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Beach Closure - COVID-19 Virus

Dear San Carlos Owners & Guests:

Please note that at 5:00pm today, March 19th, all public and private beaches in Gulf Shores will be closed.  Alabama Governor Kay Ivey announced this afternoon that she has decided to close all Alabama beaches in an effort to protect the safety and welfare of the general public from the corona virus pandemic.  San Carlos will continue in our efforts to sanitize the property and assist all Owners/Guests with this new information and the impact thereof.  Please contact me directly if you have any questions or concerns. 




(Recent Article Concerning Governor Kay Ivey’s Decision To Close Alabama Beaches)

Alabama Gov. Kay Ivey has announced she is closing the state’s public beaches, both public and private, as of 5 p.m. today because of the coronavirus pandemic.  The term “beach” means the sandy shoreline area abutting the Gulf of Mexico, whether privately or publicly owned, including beach access points.  The order also addressed further restriction on gatherings and restaurant and bar operations.  “Despite our best efforts, the threat of the Covid-19 virus continues to spread and, unfortunately, we have not yet reached peak impact,” Ivey said in a prepared statement Thursday afternoon along with the state health officer. “The decision to place regulations upon Alabamians living in Jefferson County and its surrounding counties was an effort to contain the area in which the virus has been prevalent in our state.”

“As of this morning, 68 individuals have tested positive for the Coronavirus in Alabama. While I am pleased that many of our citizens are self-regulating and are practicing social distancing, we want to ensure that Alabama is doing our part to flatten the curve,” Ivey stated.

“Closing Alabama beaches is not a simple decision but one that I came to with the consultation of our elected officials along the coast and members of my administration. After many rounds of conversations with local leaders, in which we discussed several options, I have decided to close beach access in any form. Since we do not want to promote social gatherings, keeping the beaches open sends the wrong message to the public. At this moment, the safety and wellbeing of Alabamians is paramount.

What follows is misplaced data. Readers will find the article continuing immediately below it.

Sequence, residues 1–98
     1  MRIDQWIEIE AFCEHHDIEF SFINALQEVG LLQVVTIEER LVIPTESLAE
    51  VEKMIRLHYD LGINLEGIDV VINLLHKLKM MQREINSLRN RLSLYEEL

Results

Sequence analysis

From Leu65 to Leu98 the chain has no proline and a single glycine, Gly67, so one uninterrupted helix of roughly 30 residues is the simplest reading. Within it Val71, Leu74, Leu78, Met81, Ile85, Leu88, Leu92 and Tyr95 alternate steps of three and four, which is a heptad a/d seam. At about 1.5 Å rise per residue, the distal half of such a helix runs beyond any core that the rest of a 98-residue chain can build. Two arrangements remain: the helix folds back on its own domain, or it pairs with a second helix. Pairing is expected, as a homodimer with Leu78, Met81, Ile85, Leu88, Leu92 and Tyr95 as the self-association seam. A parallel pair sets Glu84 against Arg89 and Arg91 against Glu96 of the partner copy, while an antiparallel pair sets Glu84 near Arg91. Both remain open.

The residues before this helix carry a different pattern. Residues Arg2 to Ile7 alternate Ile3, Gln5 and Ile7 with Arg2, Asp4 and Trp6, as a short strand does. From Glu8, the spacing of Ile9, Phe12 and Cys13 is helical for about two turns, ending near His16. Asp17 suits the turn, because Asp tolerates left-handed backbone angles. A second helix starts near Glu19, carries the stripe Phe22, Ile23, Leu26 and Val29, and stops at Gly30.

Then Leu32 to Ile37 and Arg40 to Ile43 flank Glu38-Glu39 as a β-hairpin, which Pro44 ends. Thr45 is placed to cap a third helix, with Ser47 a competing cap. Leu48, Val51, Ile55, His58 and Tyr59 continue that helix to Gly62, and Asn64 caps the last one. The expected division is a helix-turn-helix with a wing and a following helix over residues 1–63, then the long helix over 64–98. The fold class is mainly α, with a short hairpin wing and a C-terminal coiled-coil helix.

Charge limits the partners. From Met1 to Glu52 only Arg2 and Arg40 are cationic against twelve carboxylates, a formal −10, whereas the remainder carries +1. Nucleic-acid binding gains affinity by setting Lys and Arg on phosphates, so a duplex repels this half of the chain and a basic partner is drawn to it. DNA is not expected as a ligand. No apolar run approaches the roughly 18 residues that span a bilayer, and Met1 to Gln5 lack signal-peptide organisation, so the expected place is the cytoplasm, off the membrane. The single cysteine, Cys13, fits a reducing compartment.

“In addition, we rely heavily upon our first responders and critical healthcare workers to help those who are ill, as well as essential state government employees to keep the continuity of government, and many of them struggle with dependent childcare if daycares close. As a result, I have asked the Alabama Department of Human Resources and the Alabama Department of Public Health to explore emergency rulemaking to make critical exemptions to allow for daycare to be provided for these areas of crucial personnel.

“My administration – and all the services of state government – are going to be as flexible as humanly possible to help make your government work for you during the coming days and weeks. I want to the thank the people of our great state for their continued patience and for taking great care of themselves and each other during this pandemic.”

State Health Officer Dr. Scott Harris said “We understand that the health orders issued will be a hardship on Alabamians. We must, first and foremost, protect the health and safety of our citizens. This decision has not been made lightly and will help to prevent the spread of this virus.”

Gulf Shores Mayor Robert Craft had already ordered the city’s public beaches closed at 7 a.m. on Friday. The Baldwin County Commission, during a meeting Thursday morning in Robertsdale, voted to close the public access points to the beaches in the county’s unincorporated areas. That includes mostly access points to the beaches in unincorporated Fort Morgan.

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